Submitted by Jen Jones on Tue, 06/16/2009 - 1:44pm
When Francisco Espinosa filed his Chapter 13 bankruptcy petition, he must have had no idea his case would end up before the United States Supreme Court. Espinosa's case was just another run-of-the-mill consumer filing, except for one thing . . . the repayment plan he proposed provided that he would pay back $13,250 to United Student Aid Funds, Inc. (USA Funds), the holder of his student loan debts. But he actually owed USA Funds $17,832. The bankruptcy court confirmed the plan. The trustee then sent USA Funds a notice stating that its claim "would be paid as listed in the plan- if it did not dispute the amount within 30 days. USA Funds never filed an objection.
Espinosa went on to successfully complete the Chapter 13 plan. The remaining debts were discharged, including the outstanding balance on the student loan debt. All must have seemed well again. But then, three years after Espinosa's case was complete, someone started intercepting his income tax refunds. Who? USA Funds. Why? To satisfy the remaining balance on the student loan debt. Not surprisingly, Espinosa petitioned the bankruptcy court to hold USA Funds in contempt for violating the discharge order.
But USA Funds was undeterred. It filed a cross-petition, claiming the repayment plan Espinosa had completed was invalid. Its theory ran as follows: Student loans can't be discharged unless the debtor files and serves a complaint on the creditor and then shows at an adversary proceeding that he or she would suffer "undue hardship- if required to pay back the debt. Espinosa didn't do this. He simply listed in his proposed plan the amount he intended to pay USA Funds and, after the plan was confirmed, and made the required payments until the court entered a discharge order.
The bankruptcy court sided with Espinosa, ordering USA Funds to cease further collection activity. The court ruled that the creditor had forfeited any challenge to the plan by failing to file a timely objection to it. But USA Funds appealed the ruling to the district court, which reversed, finding Espinosa's failure to serve a formal complaint on USA Funds, stating his intention to pay back only a portion of the debt, violated its right to due process. Espinosa sought relief in the Ninth Circuit Court of Appeals.
The Ninth Circuit issued its decision late last year, and ruled in favor of Espinosa. In no uncertain terms, the court found USA Funds had received more than adequate notice of Espinosa's intention under the plan and forfeited any challenge to it:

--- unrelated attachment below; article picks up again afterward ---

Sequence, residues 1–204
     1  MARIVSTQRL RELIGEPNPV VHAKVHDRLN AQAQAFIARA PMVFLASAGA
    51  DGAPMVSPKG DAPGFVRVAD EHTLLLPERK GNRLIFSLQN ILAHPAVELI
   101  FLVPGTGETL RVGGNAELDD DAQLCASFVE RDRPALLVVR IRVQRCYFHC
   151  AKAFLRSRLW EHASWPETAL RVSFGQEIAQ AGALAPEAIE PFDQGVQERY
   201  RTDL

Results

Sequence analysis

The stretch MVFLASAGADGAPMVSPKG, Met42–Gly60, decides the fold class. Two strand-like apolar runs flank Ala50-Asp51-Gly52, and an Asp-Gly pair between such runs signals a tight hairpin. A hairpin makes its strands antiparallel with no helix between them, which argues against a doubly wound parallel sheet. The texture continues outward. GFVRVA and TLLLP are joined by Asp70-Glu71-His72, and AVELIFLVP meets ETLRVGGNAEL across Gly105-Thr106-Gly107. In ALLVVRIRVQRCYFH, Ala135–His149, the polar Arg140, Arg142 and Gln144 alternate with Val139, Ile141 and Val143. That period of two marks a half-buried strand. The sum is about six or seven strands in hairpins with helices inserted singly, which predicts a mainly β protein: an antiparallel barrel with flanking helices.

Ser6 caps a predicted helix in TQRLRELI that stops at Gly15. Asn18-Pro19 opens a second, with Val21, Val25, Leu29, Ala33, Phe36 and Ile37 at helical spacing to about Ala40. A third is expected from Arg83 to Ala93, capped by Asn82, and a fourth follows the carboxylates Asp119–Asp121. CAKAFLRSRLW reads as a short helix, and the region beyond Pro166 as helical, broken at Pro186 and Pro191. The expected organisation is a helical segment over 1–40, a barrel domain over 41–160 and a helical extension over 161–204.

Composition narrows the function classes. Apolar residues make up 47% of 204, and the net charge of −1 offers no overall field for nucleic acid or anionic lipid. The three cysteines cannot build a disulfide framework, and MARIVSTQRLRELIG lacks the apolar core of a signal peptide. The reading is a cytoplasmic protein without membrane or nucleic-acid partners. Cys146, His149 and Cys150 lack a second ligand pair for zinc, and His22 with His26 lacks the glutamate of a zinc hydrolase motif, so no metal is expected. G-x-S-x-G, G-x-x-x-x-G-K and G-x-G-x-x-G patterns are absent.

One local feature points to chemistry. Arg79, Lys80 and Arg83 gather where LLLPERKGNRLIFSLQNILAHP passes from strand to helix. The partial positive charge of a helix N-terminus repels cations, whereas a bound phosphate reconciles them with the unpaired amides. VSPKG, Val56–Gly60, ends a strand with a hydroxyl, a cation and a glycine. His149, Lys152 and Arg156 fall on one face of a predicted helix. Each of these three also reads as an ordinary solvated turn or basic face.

"A creditor receiving such notice would have known that its debt could be adversely affected by the proposed plan, and that it needed to file an objection if it wished to avoid that result. Funds raised no such objection, nor did it appeal the order confirming the plan. We cannot say that Funds was taken by surprise or was denied due process. Quite the contrary: Funds appears to have been a willing participant, perfectly happy to receive the benefits of the Chapter 13 plan, but unwilling to suffer the consequences of its failure to file an objection.-
USA Funds petitioned the United States Supreme Court for review. Yesterday, the court granted the petition. The specific question it will consider is whether a bankruptcy court may discharge student loan debt where the creditor simply fails to object to a plan that proposes repayment of less than the total amount owed, or whether the debtor must first show "undue hardship- at an adversary proceeding.
The issue here is largely a procedural question, concerning whether a creditor's failure to object forfeits a right it would otherwise have. But, to resolve the case, the justices will likely have to confront meatier issues, like the meaning, significance, and purpose of the debtor's traditional obligation to show "undue hardship.- So, the overtones of a decision in favor of Espinosa could begin to chip away at the thick walls that have traditionally insulated student loan debt from discharge in bankruptcy.
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